Yes, if you’re concerned about aerobic base, you’d be well served to stay in Base training until you’re confident your aerobic capacity can support higher level training. This is pretty common among new endurance athletes, particularly those training for longer events.

Heart rate decoupling from effort is very common, and can be marked if you don’t have an established aerobic base. That said, it does not happen instantaneously. Instead, you’ll see a heart rate that’s maybe 10% higher at the end of a long sustained effort than it was at the start of the steady state effort once it had settled out. For example, after the first mile of a 6 mile run, your HR is 150, and by the end of it running at the same pace you’re up to 165. That’s a decoupled HR indicative of inadequate aerobic base.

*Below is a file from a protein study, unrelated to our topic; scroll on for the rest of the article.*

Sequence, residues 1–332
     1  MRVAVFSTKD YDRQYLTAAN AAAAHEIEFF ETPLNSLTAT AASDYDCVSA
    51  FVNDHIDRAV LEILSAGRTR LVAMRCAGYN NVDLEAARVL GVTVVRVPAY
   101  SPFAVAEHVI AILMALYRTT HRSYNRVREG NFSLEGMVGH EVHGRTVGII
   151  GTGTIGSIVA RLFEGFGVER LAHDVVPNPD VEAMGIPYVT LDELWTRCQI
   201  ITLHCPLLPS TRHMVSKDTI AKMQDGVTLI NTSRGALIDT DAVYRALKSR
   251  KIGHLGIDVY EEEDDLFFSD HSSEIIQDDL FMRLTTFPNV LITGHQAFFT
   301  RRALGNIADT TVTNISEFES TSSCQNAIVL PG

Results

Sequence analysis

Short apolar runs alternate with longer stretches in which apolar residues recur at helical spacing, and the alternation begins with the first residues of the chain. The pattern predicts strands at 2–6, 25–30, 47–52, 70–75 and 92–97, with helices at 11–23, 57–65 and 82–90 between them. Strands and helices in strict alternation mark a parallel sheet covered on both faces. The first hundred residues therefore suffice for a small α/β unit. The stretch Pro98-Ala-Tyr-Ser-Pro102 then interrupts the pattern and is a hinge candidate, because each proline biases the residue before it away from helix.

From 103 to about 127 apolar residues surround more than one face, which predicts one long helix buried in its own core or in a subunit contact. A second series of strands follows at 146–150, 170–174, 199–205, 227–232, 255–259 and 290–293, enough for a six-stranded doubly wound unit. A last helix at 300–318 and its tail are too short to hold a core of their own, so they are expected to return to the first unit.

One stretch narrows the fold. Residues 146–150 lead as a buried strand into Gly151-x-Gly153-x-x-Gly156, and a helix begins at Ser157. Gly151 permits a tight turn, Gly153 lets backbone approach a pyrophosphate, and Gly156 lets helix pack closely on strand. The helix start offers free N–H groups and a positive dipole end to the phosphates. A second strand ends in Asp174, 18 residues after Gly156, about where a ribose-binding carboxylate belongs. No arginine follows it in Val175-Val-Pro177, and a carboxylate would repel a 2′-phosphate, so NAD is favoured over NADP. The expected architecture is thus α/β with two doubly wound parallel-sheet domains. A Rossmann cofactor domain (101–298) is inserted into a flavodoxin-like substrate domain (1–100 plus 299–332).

I’ve never seen a 20bpm spike like that over the course of a few seconds without it being an issue with the monitor. Even a step increase in effort should see a more gradual build in HR than that. If that’s consistent and not an equipment issue, you might consider getting checked out.


#9

One point you have to make sure: does your heart rate strap works like it should? I know the problem of some straps from running and (maybe) some kind of clothing.


#10

There’s couple of things here to consider: